Double p-wave from the direction of the Galactic center

Sagittarius-Teapot-Messiers By Paul LaViolette

11:35 PM September 12th, Athens Greece coastal region. Just about an hour ago two seismic p-waves ripped through the earth, through me, through my house and through my neighbors’ houses. They were quite powerful packing the force of a nearby thunder clap. They were spaced apart from one another by about half a second. Because there were two of them I could get a rough guess on directionality. It seemed that they came towards me from the Saronic sea from due south. I went out with my iPad which showed where the constellations were located. Wouldn’t you know it — the Galactic center was right in the direction from which the waves seemed to radiate. It was just setting about one or two degrees above the horizon (based on rough triangulation from the Sagittarius arrow and Scorpius stinger pointer stars). Although I can’t prove it, I am convinced this double p-wave was triggered by a gravity wave force emanating from the direction of the Galactic center. It seems this was a local event. But for all we know, a single gravity wave could be sufficiently compact to influence just a small region of the Earth’s crust and produce p waves felt in a small locale.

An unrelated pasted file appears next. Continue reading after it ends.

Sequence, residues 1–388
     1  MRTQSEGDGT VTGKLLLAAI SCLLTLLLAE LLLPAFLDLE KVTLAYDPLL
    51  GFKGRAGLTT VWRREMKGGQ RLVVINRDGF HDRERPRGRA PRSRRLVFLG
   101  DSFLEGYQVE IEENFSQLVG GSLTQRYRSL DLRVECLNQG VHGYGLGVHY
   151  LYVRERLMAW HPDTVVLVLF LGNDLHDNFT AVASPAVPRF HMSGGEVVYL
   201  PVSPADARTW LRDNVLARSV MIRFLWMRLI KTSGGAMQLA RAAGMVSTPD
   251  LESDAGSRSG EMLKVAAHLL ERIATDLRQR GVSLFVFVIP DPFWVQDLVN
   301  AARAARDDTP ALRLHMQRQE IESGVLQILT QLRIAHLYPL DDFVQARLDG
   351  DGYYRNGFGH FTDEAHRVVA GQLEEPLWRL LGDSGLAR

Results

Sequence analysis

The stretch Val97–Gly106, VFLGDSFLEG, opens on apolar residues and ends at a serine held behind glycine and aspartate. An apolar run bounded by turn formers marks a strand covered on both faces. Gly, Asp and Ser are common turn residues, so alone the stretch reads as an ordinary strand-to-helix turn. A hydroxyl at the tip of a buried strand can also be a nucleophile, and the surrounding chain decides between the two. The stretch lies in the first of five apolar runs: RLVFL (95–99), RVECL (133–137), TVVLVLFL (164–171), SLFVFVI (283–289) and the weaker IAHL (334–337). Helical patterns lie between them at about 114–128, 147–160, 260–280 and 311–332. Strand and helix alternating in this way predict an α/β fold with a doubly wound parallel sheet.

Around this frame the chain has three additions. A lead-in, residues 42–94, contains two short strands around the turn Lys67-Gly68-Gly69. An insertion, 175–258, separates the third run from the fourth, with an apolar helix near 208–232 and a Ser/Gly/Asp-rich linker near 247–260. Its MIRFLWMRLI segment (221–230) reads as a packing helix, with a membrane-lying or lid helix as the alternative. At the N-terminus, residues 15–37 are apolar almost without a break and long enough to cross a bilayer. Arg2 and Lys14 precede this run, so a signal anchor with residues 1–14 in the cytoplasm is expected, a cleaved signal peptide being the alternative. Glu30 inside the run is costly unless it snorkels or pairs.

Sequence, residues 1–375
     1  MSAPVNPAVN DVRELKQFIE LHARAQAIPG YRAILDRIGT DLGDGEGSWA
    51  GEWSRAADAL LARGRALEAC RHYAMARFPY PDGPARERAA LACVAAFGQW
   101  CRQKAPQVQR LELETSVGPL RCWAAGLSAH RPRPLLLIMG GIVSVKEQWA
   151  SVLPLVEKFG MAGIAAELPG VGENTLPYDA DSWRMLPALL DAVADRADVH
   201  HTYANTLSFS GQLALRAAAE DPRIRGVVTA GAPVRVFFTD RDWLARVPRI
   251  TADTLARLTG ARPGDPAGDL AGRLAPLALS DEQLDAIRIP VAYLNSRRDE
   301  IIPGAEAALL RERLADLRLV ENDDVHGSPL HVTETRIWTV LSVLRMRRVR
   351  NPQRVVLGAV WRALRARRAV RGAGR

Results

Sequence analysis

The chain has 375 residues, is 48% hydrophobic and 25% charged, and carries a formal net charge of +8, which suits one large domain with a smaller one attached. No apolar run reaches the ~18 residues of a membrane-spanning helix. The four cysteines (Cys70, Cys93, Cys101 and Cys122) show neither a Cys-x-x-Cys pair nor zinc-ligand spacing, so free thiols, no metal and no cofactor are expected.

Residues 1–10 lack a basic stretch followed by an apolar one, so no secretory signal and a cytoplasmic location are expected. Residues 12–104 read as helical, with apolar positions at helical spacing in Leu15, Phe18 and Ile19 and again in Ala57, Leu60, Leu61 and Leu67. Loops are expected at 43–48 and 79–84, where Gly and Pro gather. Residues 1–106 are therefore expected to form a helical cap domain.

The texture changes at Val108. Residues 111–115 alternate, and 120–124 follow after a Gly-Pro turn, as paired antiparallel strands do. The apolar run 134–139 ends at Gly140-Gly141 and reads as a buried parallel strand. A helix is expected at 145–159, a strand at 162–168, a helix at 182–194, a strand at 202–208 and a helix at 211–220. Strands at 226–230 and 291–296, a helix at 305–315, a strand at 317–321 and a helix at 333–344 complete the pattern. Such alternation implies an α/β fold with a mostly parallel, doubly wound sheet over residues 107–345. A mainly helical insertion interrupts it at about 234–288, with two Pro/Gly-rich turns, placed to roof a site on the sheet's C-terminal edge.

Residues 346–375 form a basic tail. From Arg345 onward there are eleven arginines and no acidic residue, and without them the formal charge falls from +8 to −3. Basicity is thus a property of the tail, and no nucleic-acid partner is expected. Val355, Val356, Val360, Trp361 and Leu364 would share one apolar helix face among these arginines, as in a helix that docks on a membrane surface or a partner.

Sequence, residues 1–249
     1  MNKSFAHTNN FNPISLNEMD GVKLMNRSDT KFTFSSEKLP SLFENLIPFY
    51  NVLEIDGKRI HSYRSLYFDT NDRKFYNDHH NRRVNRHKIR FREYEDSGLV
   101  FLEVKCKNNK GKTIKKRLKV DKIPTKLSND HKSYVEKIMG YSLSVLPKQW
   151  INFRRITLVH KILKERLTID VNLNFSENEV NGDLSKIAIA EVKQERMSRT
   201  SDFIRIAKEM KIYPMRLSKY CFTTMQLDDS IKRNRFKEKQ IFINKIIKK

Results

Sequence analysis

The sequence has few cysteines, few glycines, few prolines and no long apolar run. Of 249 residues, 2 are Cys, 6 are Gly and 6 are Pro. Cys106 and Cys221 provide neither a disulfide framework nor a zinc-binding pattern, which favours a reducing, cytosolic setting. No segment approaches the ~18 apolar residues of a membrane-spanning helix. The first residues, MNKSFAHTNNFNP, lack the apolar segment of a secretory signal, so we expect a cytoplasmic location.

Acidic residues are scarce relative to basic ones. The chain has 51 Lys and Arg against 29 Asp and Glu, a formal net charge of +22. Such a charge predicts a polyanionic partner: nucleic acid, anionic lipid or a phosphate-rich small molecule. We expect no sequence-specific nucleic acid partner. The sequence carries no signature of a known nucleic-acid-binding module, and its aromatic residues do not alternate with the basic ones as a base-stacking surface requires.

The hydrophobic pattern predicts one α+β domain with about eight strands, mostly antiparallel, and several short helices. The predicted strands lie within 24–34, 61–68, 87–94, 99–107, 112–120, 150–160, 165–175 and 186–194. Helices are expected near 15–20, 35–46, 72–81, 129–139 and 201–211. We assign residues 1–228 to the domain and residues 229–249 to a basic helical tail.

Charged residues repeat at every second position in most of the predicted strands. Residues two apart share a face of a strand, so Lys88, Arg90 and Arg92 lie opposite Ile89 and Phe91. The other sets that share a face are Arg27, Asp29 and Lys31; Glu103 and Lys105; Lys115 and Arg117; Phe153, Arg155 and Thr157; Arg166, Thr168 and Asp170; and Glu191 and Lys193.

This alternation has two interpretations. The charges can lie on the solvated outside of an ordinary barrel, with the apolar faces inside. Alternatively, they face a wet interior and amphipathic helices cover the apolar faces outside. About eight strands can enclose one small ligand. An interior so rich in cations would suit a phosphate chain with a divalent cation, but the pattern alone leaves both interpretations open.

Considering that there was an X-ray spike from the Galactic center just a few days ago, I thought I would report this. Gravity waves from an outburst would likely travel somewhat faster than the electromagnetic emission. See Sphinx Stargate posting about the Malaysian tsunami. So it will be interesting to see if anything develops in the next days.

One thing more, having lived in and visited Greece (a known seismically active region) many times during the course of my life, there have been many occasions where I have experienced earthquakes and even remember feeling a p-wave years ago. But that p-wave was very faint. This was unlike anything I had ever experienced my whole life. It felt as if one were standing to close to the edge of a metro platform and a train car went by one inch from your nose at a hundred miles an hour. It produced two load sounds as load as thunderclaps. The sky was cloudless at the time so it definitely was not thunder.

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